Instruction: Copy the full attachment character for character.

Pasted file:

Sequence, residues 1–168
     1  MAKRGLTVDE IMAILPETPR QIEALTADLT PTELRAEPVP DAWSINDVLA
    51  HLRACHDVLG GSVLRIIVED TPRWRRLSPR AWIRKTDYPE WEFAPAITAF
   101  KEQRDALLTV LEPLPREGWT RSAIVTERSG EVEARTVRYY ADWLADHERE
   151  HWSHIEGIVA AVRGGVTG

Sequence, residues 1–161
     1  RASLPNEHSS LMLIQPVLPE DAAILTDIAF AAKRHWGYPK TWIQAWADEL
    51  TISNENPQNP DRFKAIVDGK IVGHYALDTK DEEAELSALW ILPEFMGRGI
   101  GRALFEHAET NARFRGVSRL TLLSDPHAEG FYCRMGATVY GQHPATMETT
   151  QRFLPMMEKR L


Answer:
Sequence, residues 1–168
     1  MAKRGLTVDE IMAILPETPR QIEALTADLT PTELRAEPVP DAWSINDVLA
    51  HLRACHDVLG GSVLRIIVED TPRWRRLSPR AWIRKTDYPE WEFAPAITAF
   101  KEQRDALLTV LEPLPREGWT RSAIVTERSG EVEARTVRYY ADWLADHERE
   151  HWSHIEGIVA AVRGGVTG

Sequence, residues 1–161
     1  RASLPNEHSS LMLIQPVLPE DAAILTDIAF AAKRHWGYPK TWIQAWADEL
    51  TISNENPQNP DRFKAIVDGK IVGHYALDTK DEEAELSALW ILPEFMGRGI
   101  GRALFEHAET NARFRGVSRL TLLSDPHAEG FYCRMGATVY GQHPATMETT
   151  QRFLPMMEKR L